The contentious policy and political battles that led to legalizing same-sex marriage in the United States were highlighted in an in-person and virtual talk by journalist and author Sasha Issenberg at Sarratt Cinema on Oct. 11, marking the 33rd anniversary of National Coming Out Day.
Issenberg is the author of The Engagement: America’s Quarter-Century Struggle Over Same-Sex Marriage.
Provost and Vice Chancellor for Academic Affairs Cybele Raver and Christopher “Kitt” Carpenter, E. Bronson Ingram Chair in Economics and director of the Program in Public Policy Studies and the Vanderbilt LGBT Policy Lab, welcomed the audience to this significant event as part of Vanderbilt’s LGBTQI History Month.
“Through the lens of today’s discussion on marriage equality, moments like this mark the meteoric progress we have made in strengthening human rights and equality in this country. Yet, they also remind us that we face persistent political challenges to these rights,” Raver said. “We must seek new ways to make everyone not only feel heard and embraced but also economically secure and legally protected. Only when those legal protections are in place can we most effectively engage in powerful dialogue, discovery, societal advancement.”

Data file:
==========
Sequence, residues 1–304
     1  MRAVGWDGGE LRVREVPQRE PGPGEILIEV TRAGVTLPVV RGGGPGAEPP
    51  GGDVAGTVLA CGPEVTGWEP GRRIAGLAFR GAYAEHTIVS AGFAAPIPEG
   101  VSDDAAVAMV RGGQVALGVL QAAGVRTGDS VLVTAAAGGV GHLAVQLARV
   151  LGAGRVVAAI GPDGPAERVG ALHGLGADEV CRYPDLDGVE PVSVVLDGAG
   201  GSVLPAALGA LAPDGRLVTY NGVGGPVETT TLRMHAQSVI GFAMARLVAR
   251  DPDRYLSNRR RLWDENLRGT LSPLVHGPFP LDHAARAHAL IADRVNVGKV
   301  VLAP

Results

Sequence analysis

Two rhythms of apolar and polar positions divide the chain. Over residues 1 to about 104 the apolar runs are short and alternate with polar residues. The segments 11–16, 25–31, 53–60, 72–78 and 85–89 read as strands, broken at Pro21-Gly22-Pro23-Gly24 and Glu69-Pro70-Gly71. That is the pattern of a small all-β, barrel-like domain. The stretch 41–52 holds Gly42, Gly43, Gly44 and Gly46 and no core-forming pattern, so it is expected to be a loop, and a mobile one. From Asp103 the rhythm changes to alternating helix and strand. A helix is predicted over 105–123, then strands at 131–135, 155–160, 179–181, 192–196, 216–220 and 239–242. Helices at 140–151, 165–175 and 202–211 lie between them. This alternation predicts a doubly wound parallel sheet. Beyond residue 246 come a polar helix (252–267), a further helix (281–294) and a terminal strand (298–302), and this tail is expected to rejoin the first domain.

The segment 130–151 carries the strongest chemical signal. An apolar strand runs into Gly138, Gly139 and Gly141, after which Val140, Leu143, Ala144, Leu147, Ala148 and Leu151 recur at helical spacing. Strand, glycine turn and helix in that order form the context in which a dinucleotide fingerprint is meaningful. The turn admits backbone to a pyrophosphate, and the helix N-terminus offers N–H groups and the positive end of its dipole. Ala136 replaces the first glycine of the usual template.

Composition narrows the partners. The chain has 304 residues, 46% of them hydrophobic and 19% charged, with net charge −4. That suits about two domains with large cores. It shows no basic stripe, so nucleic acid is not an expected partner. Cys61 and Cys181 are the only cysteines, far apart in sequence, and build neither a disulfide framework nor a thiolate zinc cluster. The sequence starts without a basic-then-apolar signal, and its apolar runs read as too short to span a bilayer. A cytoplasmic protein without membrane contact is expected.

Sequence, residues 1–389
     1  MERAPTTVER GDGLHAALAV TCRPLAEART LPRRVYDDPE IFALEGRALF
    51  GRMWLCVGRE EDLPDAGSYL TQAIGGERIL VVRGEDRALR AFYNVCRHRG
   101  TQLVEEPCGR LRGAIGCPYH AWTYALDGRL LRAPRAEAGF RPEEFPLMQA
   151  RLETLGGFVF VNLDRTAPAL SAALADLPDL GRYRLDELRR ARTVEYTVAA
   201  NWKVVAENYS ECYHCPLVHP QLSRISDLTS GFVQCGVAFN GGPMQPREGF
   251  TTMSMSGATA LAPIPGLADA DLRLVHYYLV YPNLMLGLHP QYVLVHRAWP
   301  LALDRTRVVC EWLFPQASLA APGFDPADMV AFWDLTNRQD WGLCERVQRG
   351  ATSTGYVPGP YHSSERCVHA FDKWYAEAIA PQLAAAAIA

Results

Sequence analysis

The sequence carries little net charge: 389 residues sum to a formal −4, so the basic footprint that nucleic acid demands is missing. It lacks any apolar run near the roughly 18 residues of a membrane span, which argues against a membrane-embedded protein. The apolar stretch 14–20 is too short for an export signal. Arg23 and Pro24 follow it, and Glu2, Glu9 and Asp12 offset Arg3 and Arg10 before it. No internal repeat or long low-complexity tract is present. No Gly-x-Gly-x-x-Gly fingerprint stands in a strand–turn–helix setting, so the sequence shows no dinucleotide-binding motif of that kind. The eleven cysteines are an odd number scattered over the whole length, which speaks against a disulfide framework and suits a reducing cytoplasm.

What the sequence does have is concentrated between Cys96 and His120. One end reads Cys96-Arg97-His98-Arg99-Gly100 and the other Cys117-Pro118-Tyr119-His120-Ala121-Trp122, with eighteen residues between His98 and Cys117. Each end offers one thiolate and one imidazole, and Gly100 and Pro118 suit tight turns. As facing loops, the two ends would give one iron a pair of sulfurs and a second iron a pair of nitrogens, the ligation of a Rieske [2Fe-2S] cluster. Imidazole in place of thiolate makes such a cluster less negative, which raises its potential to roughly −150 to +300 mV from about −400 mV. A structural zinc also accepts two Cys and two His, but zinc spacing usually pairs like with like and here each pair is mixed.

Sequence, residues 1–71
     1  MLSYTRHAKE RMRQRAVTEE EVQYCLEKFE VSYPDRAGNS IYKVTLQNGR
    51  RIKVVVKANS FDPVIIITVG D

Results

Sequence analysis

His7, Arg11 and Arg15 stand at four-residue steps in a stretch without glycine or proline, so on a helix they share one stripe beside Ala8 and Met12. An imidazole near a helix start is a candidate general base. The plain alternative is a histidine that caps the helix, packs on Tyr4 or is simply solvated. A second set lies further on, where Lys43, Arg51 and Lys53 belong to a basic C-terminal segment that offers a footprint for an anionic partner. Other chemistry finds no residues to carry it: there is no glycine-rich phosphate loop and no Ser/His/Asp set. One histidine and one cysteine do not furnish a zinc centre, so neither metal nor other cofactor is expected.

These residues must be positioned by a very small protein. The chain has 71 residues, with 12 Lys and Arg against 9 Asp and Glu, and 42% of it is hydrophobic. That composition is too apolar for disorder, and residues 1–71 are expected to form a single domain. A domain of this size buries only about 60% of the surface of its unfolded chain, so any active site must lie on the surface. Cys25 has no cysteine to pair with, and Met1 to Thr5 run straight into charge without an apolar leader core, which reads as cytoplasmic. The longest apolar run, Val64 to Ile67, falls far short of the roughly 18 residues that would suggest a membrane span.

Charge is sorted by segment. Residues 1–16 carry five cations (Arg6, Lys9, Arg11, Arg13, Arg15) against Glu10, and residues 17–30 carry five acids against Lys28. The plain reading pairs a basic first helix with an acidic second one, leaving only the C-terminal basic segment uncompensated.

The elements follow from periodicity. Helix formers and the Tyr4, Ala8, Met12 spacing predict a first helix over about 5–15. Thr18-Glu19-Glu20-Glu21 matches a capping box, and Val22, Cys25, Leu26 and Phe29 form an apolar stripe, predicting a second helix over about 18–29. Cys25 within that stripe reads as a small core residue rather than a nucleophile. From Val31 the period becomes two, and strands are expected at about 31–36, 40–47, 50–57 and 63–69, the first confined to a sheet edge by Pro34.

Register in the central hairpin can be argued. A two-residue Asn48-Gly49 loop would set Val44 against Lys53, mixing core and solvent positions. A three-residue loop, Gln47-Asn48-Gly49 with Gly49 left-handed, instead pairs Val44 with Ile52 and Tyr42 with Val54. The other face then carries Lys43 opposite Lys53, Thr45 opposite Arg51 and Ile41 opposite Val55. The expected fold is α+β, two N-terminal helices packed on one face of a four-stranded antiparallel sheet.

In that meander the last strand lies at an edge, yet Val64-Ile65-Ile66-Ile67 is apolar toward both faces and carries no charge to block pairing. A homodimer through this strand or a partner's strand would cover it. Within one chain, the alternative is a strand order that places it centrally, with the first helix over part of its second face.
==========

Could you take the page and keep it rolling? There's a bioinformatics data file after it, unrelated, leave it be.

Alongside Carpenter, William R. Kenan, Jr. Chair and Professor of Political Science John Sides, moderated a panel discussion with Issenberg on the complexities of marriage equality crystalizing in the United States. Issenberg noted how disheartening it was not to have a comprehensive work covering these pivotal moments.
“I was surprised when I wanted to go read a history that explained to me how this issue came to, in certain ways, take over our politics over the past few decades that nobody had tried to piece together the whole story,” Issenberg said. “So, it was about 10 years ago that I decided I was going to make that my goal.”
Issenberg addressed the numerous factors at play that paved the way for the movement today. He also discussed how his book follows the various intersections of legislation, courts and voting regarding marriage equality.
“Three themes that weave throughout the story are legal and legislative perspectives and how voters are usually forced to respond to things that courts have done,” Issenberg said. “Courts are the venues where people are challenging laws that are set by legislatures and voters, and so I wanted to tell both those stories in an intertwined way.”
The hybrid event was hosted by the Center for Study of Democratic Institutions and the Vanderbilt LGBT Policy Lab, in partnership with the Office for Equity, Diversity and Inclusion and LAVA, the LGBTQIA+ Association of Vanderbilt Alumni.
Watch the full event recording here.